Now for the dictionary implementation itself. Since this is only a skeleton implementation I omitted anything not relevant to understanding the implementation (such as null checks). Our weak dictionary will hold an internal regular dictionary but we will manage the buckets ourselves.
Each entry in this dictionary maps a hash code (int) to the data itself held by our weak pair class. I have implemented the three most important methods of the weak dictionary: Set, TryGet and CleanUp (which removes dead links from the dictionary). Here is my implementation:
The implementation is pretty straightforward. The interesting method is CleanUp which you need to call from time to time to remove the dead references from the dictionary. This implementation achieves the goal we set. If we use this dictionary as the cache for our alert objects they will not be considered as referenced by the cache for the garbage collection thus removing the need to register on the events of the alerts manager.
The key disadvantages of this implementation are:
- You still need to do the maintenance of the dictionary yourself. It is not entirely clear when to call the CleanUp method as this call may be costly in some cases.
- We use WeakReferences but how much overhead does it cause in reality? In terms of space the overhead is not severe (except maybe for the dead references that remain) but what about the time consumption? I ran a simple test to check how much time it takes to allocate a WeakReference as opposed to a regular object and here is the result:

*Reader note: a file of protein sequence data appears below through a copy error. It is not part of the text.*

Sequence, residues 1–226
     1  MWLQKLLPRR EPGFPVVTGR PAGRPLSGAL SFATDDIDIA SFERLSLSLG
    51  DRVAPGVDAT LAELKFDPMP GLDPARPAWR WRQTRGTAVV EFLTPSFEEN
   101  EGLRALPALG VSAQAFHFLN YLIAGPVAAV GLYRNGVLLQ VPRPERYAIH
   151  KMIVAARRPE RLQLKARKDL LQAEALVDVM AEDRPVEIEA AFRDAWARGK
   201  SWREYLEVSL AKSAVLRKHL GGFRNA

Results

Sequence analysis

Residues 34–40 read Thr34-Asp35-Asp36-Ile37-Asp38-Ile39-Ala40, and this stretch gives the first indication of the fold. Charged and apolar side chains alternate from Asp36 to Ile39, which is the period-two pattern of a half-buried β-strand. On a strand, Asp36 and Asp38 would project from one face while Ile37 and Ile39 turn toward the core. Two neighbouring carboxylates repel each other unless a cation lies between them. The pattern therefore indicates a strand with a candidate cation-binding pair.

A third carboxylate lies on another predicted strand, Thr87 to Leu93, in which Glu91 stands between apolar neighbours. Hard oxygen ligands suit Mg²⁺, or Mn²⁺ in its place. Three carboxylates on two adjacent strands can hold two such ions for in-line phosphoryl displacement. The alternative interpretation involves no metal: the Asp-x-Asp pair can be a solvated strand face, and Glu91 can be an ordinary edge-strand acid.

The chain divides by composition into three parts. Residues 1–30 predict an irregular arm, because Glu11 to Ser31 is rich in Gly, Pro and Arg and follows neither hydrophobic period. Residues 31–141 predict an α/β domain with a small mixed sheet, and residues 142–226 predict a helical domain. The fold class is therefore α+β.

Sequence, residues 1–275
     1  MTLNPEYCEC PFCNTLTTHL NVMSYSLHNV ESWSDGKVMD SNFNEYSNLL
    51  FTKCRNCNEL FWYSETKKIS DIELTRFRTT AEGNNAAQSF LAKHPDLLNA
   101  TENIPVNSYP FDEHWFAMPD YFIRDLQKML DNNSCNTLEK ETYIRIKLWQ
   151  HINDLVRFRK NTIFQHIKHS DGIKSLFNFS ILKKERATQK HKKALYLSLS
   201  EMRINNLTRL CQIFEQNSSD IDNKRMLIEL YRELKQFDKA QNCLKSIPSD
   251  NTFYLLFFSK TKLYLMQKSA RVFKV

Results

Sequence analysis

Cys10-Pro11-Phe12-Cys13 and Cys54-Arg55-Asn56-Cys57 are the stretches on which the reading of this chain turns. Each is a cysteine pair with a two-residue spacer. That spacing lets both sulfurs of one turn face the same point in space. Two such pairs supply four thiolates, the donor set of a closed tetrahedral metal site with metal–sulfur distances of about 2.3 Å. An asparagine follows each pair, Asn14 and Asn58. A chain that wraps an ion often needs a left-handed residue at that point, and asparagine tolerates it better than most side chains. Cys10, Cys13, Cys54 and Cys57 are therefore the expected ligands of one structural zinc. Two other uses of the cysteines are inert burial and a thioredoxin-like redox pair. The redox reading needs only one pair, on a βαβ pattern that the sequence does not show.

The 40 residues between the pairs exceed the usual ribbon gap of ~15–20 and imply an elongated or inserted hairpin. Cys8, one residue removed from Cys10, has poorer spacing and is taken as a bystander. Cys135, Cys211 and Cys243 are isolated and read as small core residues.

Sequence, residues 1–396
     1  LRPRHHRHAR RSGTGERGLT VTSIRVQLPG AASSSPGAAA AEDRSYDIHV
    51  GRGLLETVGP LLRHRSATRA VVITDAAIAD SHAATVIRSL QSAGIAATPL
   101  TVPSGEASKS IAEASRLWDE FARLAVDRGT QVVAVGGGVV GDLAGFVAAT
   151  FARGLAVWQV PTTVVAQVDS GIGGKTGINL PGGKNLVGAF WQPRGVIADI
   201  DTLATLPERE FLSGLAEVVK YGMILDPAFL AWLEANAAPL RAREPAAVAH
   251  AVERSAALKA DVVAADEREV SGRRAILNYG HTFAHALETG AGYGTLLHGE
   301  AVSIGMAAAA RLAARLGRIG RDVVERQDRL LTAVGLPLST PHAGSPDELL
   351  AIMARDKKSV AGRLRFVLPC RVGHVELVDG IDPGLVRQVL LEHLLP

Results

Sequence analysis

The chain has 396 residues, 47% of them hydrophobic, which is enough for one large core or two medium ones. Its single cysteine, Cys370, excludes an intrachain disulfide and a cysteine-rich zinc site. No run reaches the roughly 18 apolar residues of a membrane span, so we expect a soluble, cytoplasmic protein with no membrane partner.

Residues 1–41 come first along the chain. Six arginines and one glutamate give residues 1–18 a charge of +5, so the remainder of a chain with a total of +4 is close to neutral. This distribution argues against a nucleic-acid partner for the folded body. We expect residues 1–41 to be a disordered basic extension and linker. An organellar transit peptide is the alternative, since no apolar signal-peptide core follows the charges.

As you can see, the mere allocation of a weak reference takes a lot more time than allocating a simple object. I won’t go into details on this one but if you check out the implementation using ILSpy you will see that inside it creates a GCHandle and uses some unmanaged code. Also note that each WeakReference object you add to the heap is registered within the CLR internal structures which are examined during the garbage collection run making it a bit more slower.
- The cached data itself is linked with the WeakReference object and not with the original object and therefore it will be garbage collected only after you run CleanUp.
So what can you do? Well the solution is simpler than it seems because .Net framework 4 provides a class for you that will do all I have mentioned above but without the disadvantages. This class is the ConditionalWeakTable. This data structure will weakly hold references to both the keys and the values.
Here is a little test program that compares the two structures:
Here I defined two data objects that correspond to my example. Every time an object is created it is given a unique ID which is printed out on the finalizer of that object.
and the output is:
WeakDictionary without cleanup
* Finalizing Alert 8
* Finalizing Alert 0
* Finalizing Alert 6
* Finalizing Alert 4
* Finalizing Alert 2
WeakDictionary after cleanup
*** Finalizing CacheData 2
*** Finalizing CacheData 4
*** Finalizing CacheData 6
*** Finalizing CacheData 0
*** Finalizing CacheData 8
Clearing the main list of alerts
* Finalizing Alert 7
* Finalizing Alert 3
* Finalizing Alert 1
* Finalizing Alert 5
ConditionalWeakTable without cleanup
* Finalizing Alert 9
*** Finalizing CacheData 18
* Finalizing Alert 18
*** Finalizing CacheData 16
* Finalizing Alert 16
*** Finalizing CacheData 14
* Finalizing Alert 14
*** Finalizing CacheData 12
* Finalizing Alert 12
*** Finalizing CacheData 10
* Finalizing Alert 10
As you can see when running garbage collection in the first example the even numbered alerts are freed because they are only in the weak dictionary and not in the list. The cache data is collected only after CleanUp is called. On the other hand in the ConditionalWeakTable both the alerts and the data of even ids are cleared immediately after the collection just as we wanted.
Thank you for reading,